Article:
No hardware yet, but Steam is coming to TV today! Also: after all that we’ve learned about Valve lately, it feels like the Half-Life developer is becoming known as the Apple of the gaming world: a magical, secretive place, kind of like the Chocolate Factory in real life.
Today, Valve is launching a “Big Picture” mode on their games download store, Steam, where you connect your computer to your television. But this isn’t about putting the Steam store on your TV. It’s a new way of playing PC games on your television. You even get to play as you would on a console: with a game controller. It sounds a lot like Ouya or OnLive, but with a much larger catalog of games — anything that’s on the Steam store, you can play through Big Picture mode your TV — and without the box. In this case, your PC serves as the game console. Big Picture gives Steam a huge makeover, turning its interface into something akin to the Xbox 360 dashboard. It also comes with a web browser that’s said to be easier and more intuitive to use than your standard TV-based browser, and it even supports multitasking, so you can switch from gaming over to surfing the Net without turning either off.
In related news, The New York Times has published a lengthy article about Valve Software today, which details another project Valve is working on: virtual reality goggles. The project, assuming it eventually gets manufactured and released for public consumption, looks like a solid competitor to the Oculus Rift. But a future version of the goggles is planned to include powerful Augmented Reality technology — tech that’s at least three to five years away. The VR headset project is being led by a Valve veteran named Michael Abrash, who has worked at numerous game companies during his career. Abrash says that Valve may not even manufacture the goggles themselves, but plans to share its designs with other companies so there will be plenty of variations.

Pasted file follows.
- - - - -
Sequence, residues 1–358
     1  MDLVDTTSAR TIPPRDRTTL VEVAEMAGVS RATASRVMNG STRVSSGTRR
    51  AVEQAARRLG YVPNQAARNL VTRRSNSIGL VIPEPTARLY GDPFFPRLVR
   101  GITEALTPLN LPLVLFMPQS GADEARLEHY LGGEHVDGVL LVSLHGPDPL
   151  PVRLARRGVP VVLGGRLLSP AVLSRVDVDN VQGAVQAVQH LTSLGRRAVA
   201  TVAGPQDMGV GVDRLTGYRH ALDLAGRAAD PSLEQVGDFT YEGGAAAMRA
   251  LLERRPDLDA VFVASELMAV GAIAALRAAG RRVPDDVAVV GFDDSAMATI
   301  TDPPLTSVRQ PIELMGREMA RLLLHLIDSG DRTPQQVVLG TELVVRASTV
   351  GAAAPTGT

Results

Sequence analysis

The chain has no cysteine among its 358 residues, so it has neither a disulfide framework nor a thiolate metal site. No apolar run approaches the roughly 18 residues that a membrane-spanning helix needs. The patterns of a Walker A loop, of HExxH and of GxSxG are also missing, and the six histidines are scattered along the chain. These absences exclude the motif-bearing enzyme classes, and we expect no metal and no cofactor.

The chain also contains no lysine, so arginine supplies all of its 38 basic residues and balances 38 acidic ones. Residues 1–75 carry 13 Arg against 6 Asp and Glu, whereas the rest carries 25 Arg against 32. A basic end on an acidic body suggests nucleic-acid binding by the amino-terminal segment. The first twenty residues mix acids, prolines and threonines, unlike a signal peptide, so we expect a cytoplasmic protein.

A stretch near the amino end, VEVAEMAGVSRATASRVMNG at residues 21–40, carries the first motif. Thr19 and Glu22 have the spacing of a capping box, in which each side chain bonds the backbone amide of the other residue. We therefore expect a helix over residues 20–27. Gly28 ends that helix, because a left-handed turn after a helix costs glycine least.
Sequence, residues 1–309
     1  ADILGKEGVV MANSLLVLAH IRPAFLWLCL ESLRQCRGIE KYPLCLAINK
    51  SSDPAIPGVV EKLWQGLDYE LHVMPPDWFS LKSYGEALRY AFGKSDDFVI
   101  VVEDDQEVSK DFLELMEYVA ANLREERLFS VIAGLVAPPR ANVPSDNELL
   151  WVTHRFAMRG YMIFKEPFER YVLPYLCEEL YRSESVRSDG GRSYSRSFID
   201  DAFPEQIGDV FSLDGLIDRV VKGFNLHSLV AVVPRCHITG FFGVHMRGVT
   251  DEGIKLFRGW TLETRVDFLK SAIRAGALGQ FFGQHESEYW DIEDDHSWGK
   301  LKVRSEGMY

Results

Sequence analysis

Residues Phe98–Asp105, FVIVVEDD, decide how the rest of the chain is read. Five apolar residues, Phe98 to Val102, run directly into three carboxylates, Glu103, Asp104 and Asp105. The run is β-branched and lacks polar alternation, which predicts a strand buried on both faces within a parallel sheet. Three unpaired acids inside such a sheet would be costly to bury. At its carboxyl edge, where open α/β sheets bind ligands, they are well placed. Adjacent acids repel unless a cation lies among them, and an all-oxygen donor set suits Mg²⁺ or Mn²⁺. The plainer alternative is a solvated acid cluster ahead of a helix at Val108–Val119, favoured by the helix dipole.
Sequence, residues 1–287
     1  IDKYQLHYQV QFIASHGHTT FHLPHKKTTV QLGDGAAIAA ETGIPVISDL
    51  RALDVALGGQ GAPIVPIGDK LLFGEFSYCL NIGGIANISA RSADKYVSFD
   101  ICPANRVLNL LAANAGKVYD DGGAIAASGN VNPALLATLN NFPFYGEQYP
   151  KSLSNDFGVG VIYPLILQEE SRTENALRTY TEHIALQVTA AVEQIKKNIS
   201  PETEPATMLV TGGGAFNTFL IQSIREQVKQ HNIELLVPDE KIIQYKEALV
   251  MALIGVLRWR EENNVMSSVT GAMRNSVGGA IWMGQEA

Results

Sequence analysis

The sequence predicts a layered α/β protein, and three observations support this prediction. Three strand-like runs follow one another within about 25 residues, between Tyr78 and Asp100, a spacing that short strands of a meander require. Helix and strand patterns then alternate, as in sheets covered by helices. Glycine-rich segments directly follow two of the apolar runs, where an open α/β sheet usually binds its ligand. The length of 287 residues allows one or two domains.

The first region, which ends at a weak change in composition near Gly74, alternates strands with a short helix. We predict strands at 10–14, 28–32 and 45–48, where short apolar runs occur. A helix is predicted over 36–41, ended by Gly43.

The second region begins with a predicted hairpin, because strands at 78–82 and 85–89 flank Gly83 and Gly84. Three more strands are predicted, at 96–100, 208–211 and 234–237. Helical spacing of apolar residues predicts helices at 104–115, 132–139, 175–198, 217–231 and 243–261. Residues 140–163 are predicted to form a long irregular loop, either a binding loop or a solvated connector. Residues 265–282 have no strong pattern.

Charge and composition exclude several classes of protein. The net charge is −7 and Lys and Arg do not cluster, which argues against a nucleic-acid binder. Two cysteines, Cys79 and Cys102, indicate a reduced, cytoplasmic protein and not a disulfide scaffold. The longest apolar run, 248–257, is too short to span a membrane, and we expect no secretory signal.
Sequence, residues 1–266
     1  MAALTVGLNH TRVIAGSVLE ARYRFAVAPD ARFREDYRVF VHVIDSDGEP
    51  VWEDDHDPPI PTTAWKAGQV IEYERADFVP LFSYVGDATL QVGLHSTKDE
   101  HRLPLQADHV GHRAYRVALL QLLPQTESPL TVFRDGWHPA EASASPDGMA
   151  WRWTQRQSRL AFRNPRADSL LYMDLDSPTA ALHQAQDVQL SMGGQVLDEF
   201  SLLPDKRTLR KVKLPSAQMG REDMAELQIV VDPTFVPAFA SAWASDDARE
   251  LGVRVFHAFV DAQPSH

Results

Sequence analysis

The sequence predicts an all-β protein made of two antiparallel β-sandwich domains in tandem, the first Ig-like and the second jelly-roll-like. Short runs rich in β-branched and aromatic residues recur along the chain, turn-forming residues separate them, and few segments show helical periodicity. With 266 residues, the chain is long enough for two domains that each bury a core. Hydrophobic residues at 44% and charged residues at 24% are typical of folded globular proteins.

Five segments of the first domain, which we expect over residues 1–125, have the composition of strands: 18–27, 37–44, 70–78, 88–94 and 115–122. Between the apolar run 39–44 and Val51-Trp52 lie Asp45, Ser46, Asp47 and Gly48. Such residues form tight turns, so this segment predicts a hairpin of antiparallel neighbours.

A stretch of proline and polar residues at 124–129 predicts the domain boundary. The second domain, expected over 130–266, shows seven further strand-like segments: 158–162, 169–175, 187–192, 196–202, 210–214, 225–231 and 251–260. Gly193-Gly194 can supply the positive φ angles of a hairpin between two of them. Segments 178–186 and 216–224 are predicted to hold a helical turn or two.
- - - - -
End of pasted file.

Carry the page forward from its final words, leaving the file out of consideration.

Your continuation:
If you’re as fascinated by Valve and its unorthodox business practices as I am, the Times article is filled with fascinating stuff you won’t want to miss. I know I compared Valve to Apple earlier, but that was only for the sense of wonder that fans have for both companies and their offices. In reality, the two companies are nothing alike. Apple has a strict — some might say oppressive — corporate structure, while Valve has no structure at all. Apple’s selling of content happens through a completely closed system, and its hardware is made to be difficult to crack open and modify; Valve is a strong supporter of open source software and encourages its fan community to modify the games Valve makes. But there is something about both companies that ignites the imagination, don’t you think?
So with the Rift, and now Valve’s new pet project, are we finally taking our first steps into true Virtual Reality? And how long before we reach the pinnacle of VR technology — the Holodeck?